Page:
Performance issues on Windows


(G'MIC staff) #1

Hi there,

Some people recently reported that G’MIC runs way slower on Windows than on Linux (sometimes by a factor x10), with speed tests done on the same machine.
This is something I’ve also noticed from time to time, when testing the cli version on my Windows (Virtual Machine). I thought this had to do with the fact it was run from a VM, but apparently this is not the main reason.

So, it would be nice to have first, the explanation of this performance drop, and second maybe a way to fix it to make G’MIC faster for all the Windows users :slight_smile:

I can say I’m definitely not an expert about the mysteries of Windows, so any help is welcome !

What I’ve done so far :

  1. I’ve compiled the G’MIC cli tool with code profiling options (using g++ with options -pg -g).
  2. Launched one of the demo that seems to run slowly (gmic -x_landscape). It runs at approx. 19fps on Windows, compared to 50fps on Linux.
  3. At exit, the profiling informations are stored into file gmon.out, and those informations can be displayed using gprof gmic.exe, which gives something like:
Flat profile:

Each sample counts as 0.01 seconds.
  %   cumulative   self              self     total           
 time   seconds   seconds    calls  ms/call  ms/call  name    
 36.00      1.17     1.17                             _mcount_private
 17.54      1.74     0.57                             __tcf_39
  7.08      1.97     0.23                             __fentry__
  5.54      2.15     0.18     2603     0.07     0.07  cimg_library::CImg<float>::get_resize(int, int, int, int, int, unsigned int, float, float, float, float) const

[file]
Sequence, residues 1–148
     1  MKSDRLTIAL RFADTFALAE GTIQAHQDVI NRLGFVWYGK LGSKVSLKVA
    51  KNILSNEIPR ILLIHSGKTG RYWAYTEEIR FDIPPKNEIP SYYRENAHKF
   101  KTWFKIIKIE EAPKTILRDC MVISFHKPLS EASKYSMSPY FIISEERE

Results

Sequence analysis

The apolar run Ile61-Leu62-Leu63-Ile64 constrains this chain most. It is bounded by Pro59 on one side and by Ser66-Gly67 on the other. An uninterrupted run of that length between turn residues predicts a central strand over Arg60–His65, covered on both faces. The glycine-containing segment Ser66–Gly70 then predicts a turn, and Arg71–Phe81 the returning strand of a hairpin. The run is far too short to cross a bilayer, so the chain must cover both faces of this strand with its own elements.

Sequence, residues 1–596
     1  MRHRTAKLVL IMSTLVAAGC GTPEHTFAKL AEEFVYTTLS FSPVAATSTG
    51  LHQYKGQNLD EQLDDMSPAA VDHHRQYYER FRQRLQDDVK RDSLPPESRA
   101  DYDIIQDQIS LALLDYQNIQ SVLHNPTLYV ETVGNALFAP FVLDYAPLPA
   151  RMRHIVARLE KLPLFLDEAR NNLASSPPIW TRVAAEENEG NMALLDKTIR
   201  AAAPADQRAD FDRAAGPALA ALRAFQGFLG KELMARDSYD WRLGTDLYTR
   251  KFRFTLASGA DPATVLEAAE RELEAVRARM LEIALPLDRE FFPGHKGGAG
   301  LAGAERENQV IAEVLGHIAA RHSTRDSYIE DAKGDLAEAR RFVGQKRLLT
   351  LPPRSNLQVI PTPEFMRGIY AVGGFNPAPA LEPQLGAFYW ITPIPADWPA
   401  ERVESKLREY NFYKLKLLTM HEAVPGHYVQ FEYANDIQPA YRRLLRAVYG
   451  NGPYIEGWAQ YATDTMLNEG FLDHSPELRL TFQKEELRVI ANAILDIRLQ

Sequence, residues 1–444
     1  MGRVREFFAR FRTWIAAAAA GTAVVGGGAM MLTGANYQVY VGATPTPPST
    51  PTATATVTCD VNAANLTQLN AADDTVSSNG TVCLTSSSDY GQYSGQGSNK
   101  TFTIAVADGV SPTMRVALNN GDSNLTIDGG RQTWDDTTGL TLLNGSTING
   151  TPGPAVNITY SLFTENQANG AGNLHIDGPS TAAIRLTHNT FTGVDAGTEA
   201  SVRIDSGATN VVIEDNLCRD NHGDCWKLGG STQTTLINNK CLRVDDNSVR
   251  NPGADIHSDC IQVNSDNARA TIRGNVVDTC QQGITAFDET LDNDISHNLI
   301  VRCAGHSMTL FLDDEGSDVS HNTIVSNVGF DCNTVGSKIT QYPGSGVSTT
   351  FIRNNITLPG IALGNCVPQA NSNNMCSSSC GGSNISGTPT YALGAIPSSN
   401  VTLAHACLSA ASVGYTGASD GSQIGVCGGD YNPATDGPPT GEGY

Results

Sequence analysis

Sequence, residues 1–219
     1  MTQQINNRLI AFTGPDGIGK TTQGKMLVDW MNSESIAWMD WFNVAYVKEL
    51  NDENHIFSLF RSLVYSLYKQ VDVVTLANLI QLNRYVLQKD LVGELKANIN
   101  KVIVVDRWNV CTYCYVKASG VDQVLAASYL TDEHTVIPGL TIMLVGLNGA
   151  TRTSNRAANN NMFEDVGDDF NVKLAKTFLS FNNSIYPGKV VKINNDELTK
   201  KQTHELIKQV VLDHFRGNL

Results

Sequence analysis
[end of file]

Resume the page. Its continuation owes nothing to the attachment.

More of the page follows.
3.38      2.26     0.11      722     0.15     0.57  gmic::add_commands(_iobuf*, char const*, unsigned int*, unsigned int*)
  3.08      2.36     0.10 16471201     0.00     0.00  cimg_library::CImg<float>::_cimg_math_parser::mp_i(cimg_library::CImg<float>::_cimg_math_parser&)
  3.08      2.46     0.10      456     0.22     0.22  cimg_library::CImg<float>& cimg_library::CImg<float>::draw_image<float, float>(int, int, int, int, cimg_library::CImg<float> const&, cimg_library::CImg<float> const&, float, float)
  2.77      2.55     0.09 12555760     0.00     0.00  cimg_library::CImg<float>::_cimg_math_parser::mp_if(cimg_library::CImg<float>::_cimg_math_parser&)
  2.77      2.64     0.09      238     0.38     0.38  cimg_library::CImgDisplay& cimg_library::CImgDisplay::render<float>(cimg_library::CImg<float> const&)
  2.46      2.72     0.08 12494981     0.00     0.00  cimg_library::CImg<float>::_cimg_math_parser::mp_jxyzc(cimg_library::CImg<float>::_cimg_math_parser&)
  1.23      2.76     0.04   868844     0.00     0.00  cimg_library::CImg<float>& cimg_library::CImg<float>::draw_line<float>(int, int, int, int, float const*, float, unsigned int, bool)
  0.92      2.79     0.03 12494981     0.00     0.00  cimg_library::CImg<float>::atXYZC(int, int, int, int, float const&) const
  0.92      2.82     0.03     1428     0.02     0.02  cimg_library::CImg<float> cimg_library::CImg<float>::get_warp<float>(cimg_library::CImg<float> const&, unsigned int, unsigned int, unsigned int) const
  0.92      2.85     0.03      458     0.07     2.24  gmic& gmic::_run<float>(cimg_library::CImgList<char> const&, unsigned int&, cimg_library::CImgList<float>&, cimg_library::CImgList<char>&, cimg_library::CImgList<float>&, cimg_library::CImgList<char>&, unsigned int const*, bool*, char const*, cimg_library::CImg<unsigned int> const*)

---8<----

		     Call graph (explanation follows)


granularity: each sample hit covers 4 byte(s) for 0.31% of 3.25 seconds